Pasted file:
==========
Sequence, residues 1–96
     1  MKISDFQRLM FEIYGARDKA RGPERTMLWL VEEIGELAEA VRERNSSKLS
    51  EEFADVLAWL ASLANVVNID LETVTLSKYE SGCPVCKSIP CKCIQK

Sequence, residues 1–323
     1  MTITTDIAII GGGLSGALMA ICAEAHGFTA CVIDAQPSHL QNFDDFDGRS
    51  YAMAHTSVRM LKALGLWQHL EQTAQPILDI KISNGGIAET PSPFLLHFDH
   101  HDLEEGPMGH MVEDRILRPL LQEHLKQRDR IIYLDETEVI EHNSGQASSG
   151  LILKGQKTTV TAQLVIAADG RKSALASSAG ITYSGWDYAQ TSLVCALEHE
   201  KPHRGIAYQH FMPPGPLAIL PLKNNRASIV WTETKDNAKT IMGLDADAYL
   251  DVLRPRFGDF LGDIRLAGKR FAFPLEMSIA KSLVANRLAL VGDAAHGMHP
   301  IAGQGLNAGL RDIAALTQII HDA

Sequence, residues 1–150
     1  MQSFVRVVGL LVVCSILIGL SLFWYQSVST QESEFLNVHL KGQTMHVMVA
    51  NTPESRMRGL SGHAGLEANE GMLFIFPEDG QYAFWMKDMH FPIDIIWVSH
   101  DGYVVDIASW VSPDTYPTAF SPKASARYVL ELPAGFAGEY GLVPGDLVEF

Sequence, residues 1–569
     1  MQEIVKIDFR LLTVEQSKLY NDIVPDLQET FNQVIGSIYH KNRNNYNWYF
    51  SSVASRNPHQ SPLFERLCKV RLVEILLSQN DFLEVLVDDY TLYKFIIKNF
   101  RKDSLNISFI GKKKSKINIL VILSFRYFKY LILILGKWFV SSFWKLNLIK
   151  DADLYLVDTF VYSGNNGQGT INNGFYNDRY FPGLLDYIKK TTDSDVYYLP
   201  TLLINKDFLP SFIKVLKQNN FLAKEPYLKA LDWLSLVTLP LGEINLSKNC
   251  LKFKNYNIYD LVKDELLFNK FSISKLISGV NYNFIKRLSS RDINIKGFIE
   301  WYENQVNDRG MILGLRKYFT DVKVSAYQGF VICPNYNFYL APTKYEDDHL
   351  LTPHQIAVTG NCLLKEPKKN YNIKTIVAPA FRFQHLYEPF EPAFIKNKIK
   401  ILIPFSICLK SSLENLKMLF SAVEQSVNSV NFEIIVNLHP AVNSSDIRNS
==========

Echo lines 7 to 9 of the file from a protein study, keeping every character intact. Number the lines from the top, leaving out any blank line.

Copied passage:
   101  HDLEEGPMGH MVEDRILRPL LQEHLKQRDR IIYLDETEVI EHNSGQASSG
   151  LILKGQKTTV TAQLVIAADG RKSALASSAG ITYSGWDYAQ TSLVCALEHE
   201  KPHRGIAYQH FMPPGPLAIL PLKNNRASIV WTETKDNAKT IMGLDADAYL